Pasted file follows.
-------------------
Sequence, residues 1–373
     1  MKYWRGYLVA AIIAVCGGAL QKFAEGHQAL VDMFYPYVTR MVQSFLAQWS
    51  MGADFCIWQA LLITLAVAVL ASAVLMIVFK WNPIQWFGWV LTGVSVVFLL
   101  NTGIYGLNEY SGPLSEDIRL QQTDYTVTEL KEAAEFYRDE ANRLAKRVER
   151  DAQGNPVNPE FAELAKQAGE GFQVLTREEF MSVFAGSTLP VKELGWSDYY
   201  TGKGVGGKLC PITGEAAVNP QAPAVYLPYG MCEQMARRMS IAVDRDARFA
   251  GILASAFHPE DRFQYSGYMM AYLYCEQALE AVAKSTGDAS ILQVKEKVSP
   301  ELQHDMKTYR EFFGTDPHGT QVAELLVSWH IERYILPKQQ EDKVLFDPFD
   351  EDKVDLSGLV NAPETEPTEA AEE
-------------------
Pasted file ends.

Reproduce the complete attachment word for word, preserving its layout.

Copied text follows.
Sequence, residues 1–373
     1  MKYWRGYLVA AIIAVCGGAL QKFAEGHQAL VDMFYPYVTR MVQSFLAQWS
    51  MGADFCIWQA LLITLAVAVL ASAVLMIVFK WNPIQWFGWV LTGVSVVFLL
   101  NTGIYGLNEY SGPLSEDIRL QQTDYTVTEL KEAAEFYRDE ANRLAKRVER
   151  DAQGNPVNPE FAELAKQAGE GFQVLTREEF MSVFAGSTLP VKELGWSDYY
   201  TGKGVGGKLC PITGEAAVNP QAPAVYLPYG MCEQMARRMS IAVDRDARFA
   251  GILASAFHPE DRFQYSGYMM AYLYCEQALE AVAKSTGDAS ILQVKEKVSP
   301  ELQHDMKTYR EFFGTDPHGT QVAELLVSWH IERYILPKQQ EDKVLFDPFD
   351  EDKVDLSGLV NAPETEPTEA AEE